A new, state-of-the-art fire building for training firefighters is being built for the Baltimore City Fire Department (BCFD) to replace an old structure that stood for more than two decades in its East Baltimore neighborhood.
As part of her initiative to rebuild Baltimore, Mayor Stephanie Rawlings-Blake, accompanied by a host of elected officials, broke ground Aug. 29 for a new fire training building, which will be partially funded by Exelon—a Chicago based energy company.
“Generations of Baltimore City firefighters have trained at this site. This new facility, when completed, will help cadets learn to work together to suppress fires and protect the residents and businesses of Baltimore,” said Rawlings-Blake
According to acting Fire Chief Jeffery Segal, the new burn building will allow all cadets to train in a live-fire situations near the same site where they receive classroom training.
“Since 2008 we have been traveling to Aberdeen, Md., which takes away from valuable lesson time for our cadets, Segal told the AFRO.
The structure has been unoccupied since 2007, after fire cadet Racheal Wilson died during a training exercise at the now demolished structure.
Under an agreement with Baltimore Gas and Electric (BGE) in 2011, the BGE emergency team will be on had to control the building during the simulated fires.
Segal said training in the burn building is the best way to teach young firefighters to respect fire. They will learn, he said, “as part of a team” how to “suppress a fire and save lives.”
“As this city grows, improving public safety is a priority, and that is why we are making this commitment to the department now. Our investment will reward the future by placing some of the best trained firefighters in the country at stations throughout Baltimore,” Rawlings-Blake said.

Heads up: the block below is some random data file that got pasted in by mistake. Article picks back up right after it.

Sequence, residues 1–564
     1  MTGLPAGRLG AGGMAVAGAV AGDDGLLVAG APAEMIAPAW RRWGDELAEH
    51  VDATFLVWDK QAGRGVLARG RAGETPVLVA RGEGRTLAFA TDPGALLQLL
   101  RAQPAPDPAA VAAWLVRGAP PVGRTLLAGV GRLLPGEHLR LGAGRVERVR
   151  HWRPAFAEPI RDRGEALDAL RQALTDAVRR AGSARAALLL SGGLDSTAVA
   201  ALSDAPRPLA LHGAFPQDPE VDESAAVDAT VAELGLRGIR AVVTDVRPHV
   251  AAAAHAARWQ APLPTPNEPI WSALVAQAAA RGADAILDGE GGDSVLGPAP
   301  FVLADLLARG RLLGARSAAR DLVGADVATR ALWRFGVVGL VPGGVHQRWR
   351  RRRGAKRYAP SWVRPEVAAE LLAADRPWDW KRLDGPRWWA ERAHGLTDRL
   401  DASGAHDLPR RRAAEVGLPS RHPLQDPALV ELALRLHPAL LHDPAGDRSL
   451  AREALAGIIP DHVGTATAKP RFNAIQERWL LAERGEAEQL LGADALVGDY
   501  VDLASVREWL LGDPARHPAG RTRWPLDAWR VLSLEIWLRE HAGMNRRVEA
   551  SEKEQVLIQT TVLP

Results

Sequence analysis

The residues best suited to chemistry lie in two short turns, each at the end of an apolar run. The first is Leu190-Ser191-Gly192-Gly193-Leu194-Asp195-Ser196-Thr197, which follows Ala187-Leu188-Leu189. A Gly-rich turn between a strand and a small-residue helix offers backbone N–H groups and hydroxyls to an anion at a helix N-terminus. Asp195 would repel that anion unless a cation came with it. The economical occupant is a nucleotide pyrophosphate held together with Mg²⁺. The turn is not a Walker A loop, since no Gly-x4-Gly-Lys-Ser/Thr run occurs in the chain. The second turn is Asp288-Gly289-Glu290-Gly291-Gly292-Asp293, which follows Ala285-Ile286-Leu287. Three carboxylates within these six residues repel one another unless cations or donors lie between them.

The project will cost more than $1.4 million. The city of Baltimore will contribute $974,406 and Exelon agreed they would invest $470,000 for the cost of the new structure, which will ultimately allow BGE employees to use the new Burn Building for training, in conjunction with Baltimore City Firefighters.
Calvin G. Butler Jr., BGE’s senior vice president said, “Exelon is proud to support this project, which will allow BGE employees to train alongside Baltimore City firefighters in a new, state-of-the-art facility.”
“Safety and reliability are BGE's top priorities, and this training center will help enhance emergency response, protect lives and improve quality of life in Baltimore,” Butler said.
The burn building renovation is the first step in a multi-step master plan to renovate the academy into a training hub for the fire department as well as other city agencies and private corporations.
“Better trained cadets become better firefighters, which help make the city safer,” Segal said. “Upon graduation, BCFD cadets will have received the best possible education and preparation for a very dangerous but important job.”
Fire fighter recruits will receive first-class live fire and classroom training and current firefighters and paramedics can go to the new Burn Building to receive refresher training, use the fitness facility and enroll in education courses.
“Our investment will also serve as a catalyst for economic development by creating city jobs, which is a key component of the more than $1 billion package of benefits that Exelon will contribute as part of its merger with Constellation,” Butler said.
The new burn building is expected to be completed before the end of the year.
Segal told the AFRO, “We are sad to see the old burn building go,” but the fire department will use the bricks from the old building to construct a 9/11 memorial at the academy.
“It will help preserve the legacy of the burn building for another generation of the BCFD members,” he said.
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